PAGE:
Kuwait targets residential water waste and building retrofits

Kuwait’s developing electricity and water efficiency programme is targeting householders caught wasting water and a pilot home retrofitting project will soon be launched, according to Suhaila Marafie, director of the studies and research department in Kuwait’s Ministry of Electricity & Water.

Marafie will be speaking at the second MEED Kuwait Energy &Water Efficiency Conference in Kuwait City on 3-4 June (for details see https://www.kuwaitenergyefficiency.com).

“We now have a team of 90 employees that are now going all over Kuwait to check abuses of the water system,” Marafie told MEED. “People found wasting water are given penalty tickets. If they don’t pay in three days, their water is cut off.”

Marafie says that water charges in Kuwait cover less than 10 per cent of the costs of production. The absence of water meters has made it difficult restrain consumption, but the new crack down appears to be delivering quick results, she says. “Consumption growth last year was only 1.8 per cent,” Marafie said.

The retrofitting programme will seek radically to increase the energy efficiency of Kuwaiti homes. “We plan to retrofit 100 homes as a pilot project,” Marafie said. “Once this is successfully completed, we shall tackle the entire housing stock.” Marafie said that the government plans to pay for the retrofitting work. “It is cheaper for us doing it this way because subsidies account for 95 per cent of the cost of producing power,” she said.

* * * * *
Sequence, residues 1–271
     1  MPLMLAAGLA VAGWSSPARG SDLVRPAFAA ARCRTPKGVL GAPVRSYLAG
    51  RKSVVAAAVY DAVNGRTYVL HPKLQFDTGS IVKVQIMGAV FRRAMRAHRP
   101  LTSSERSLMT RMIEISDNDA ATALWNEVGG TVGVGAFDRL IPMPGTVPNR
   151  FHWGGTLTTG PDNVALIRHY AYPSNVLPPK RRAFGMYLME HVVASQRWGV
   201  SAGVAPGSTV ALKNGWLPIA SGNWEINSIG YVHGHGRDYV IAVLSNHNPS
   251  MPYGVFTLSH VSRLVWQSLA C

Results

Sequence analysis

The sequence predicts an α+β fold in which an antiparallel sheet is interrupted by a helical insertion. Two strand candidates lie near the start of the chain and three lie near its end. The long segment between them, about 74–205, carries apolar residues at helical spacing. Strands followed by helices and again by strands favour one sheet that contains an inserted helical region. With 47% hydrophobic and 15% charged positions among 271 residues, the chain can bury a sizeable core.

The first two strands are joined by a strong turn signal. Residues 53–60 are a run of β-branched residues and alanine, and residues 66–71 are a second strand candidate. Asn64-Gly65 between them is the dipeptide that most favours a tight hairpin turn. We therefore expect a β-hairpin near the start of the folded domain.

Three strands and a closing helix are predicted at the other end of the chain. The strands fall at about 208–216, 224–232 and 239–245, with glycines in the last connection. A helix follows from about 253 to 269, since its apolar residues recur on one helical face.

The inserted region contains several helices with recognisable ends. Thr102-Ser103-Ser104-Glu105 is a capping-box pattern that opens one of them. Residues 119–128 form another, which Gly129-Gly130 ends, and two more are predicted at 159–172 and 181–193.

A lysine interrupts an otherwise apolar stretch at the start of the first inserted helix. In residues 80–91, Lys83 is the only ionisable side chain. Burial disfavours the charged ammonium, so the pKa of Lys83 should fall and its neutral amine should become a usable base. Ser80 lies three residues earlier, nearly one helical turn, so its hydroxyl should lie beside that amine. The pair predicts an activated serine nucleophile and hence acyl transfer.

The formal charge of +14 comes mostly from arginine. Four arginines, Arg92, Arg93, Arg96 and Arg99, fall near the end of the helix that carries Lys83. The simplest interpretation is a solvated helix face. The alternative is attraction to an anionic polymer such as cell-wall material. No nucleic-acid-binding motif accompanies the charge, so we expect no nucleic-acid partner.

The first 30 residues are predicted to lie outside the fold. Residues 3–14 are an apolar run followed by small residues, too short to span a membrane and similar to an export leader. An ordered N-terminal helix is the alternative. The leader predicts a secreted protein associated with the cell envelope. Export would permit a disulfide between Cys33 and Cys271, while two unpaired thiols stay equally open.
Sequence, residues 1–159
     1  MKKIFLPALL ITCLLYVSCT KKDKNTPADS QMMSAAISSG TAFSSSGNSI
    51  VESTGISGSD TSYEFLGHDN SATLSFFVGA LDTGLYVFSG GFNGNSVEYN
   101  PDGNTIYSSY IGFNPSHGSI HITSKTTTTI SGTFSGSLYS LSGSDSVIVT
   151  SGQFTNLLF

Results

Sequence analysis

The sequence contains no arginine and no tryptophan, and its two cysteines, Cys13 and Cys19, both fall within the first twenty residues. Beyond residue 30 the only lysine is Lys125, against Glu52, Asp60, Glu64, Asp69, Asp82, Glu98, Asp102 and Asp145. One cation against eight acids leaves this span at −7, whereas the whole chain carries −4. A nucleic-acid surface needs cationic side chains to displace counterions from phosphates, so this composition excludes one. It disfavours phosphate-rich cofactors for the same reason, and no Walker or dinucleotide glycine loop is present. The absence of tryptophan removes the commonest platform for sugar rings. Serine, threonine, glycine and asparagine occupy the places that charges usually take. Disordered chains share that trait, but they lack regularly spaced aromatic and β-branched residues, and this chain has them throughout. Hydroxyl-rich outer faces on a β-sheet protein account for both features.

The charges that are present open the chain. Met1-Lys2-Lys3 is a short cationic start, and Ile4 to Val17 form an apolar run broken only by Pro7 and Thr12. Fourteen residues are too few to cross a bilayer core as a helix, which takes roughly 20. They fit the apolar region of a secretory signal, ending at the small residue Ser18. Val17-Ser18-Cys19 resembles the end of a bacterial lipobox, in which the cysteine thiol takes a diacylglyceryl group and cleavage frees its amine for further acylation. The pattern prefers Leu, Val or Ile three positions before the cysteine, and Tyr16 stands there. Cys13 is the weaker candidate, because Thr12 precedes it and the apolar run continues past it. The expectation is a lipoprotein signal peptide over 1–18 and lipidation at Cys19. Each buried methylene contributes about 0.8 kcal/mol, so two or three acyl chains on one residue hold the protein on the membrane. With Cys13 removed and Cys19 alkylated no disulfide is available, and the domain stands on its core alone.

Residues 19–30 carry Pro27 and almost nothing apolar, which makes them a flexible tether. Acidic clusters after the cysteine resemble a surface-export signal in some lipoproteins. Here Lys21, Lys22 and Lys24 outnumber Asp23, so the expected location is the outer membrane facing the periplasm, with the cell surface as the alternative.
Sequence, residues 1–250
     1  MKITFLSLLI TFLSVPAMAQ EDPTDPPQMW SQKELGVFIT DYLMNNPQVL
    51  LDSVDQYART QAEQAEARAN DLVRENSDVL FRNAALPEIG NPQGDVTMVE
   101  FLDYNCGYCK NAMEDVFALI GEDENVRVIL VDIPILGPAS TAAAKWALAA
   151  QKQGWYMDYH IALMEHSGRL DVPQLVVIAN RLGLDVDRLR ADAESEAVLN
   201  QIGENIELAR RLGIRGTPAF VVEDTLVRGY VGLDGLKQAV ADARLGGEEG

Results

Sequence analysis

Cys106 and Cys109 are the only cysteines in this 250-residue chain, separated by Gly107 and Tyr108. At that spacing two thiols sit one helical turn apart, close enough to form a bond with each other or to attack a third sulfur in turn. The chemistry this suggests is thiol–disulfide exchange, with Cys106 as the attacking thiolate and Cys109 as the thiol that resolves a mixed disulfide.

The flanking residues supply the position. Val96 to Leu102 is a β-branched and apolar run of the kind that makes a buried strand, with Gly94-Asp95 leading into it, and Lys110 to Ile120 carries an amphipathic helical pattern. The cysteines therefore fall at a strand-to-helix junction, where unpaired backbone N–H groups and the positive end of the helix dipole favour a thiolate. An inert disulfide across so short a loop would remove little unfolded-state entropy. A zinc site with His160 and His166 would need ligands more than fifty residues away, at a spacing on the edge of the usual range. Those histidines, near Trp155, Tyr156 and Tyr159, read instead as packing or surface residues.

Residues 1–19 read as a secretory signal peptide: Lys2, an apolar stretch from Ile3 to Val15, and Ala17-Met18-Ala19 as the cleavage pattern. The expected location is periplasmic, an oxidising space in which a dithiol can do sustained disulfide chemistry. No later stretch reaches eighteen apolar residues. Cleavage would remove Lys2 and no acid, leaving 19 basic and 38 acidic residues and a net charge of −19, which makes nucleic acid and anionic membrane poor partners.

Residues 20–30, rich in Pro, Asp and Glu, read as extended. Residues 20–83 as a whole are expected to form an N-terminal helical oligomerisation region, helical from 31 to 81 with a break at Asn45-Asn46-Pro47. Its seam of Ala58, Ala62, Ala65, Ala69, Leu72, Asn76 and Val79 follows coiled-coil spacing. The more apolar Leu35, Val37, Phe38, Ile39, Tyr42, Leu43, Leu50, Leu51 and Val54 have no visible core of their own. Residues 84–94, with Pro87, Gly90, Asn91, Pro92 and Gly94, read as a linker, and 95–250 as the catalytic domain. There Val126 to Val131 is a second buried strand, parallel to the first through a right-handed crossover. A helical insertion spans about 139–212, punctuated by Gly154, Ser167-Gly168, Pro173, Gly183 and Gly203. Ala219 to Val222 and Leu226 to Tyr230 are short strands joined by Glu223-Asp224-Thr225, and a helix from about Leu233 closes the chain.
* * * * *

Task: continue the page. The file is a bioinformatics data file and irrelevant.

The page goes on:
Marafie said that the Kuwaiti government is not yet considering increasing the price of electricity and water as a way of controlling consumption and waste. “Government action to improve building efficiency and introduce district cooling means we can save 50 per cent of energy consumption ourselves,” Marafie said. “After that, we can look at tariffs.”

The government’s electricity efficiency plans call for consumption to be 15 per cent lower than it would otherwise be by 2020. The savings are to be raised to 30 per cent by 2030. Other initiatives include solar power projects. The Ministry of Electricity & Water is completing a feasibility study for solar photovoltaic projects in 25 locations with combined capacity of 300MW. The long-term goal is for alternative energy to deliver 15 per cent of Kuwait’s power generation capacity.

Kuwait’s peak electricity demand is expected to reach 13,000MW this summer, about 8 per cent above the figure recorded at the same time in 2013. Water demand is expected to reach about 420 million gallons a day in 2014. https://www.kuwaitenergyefficiency.com/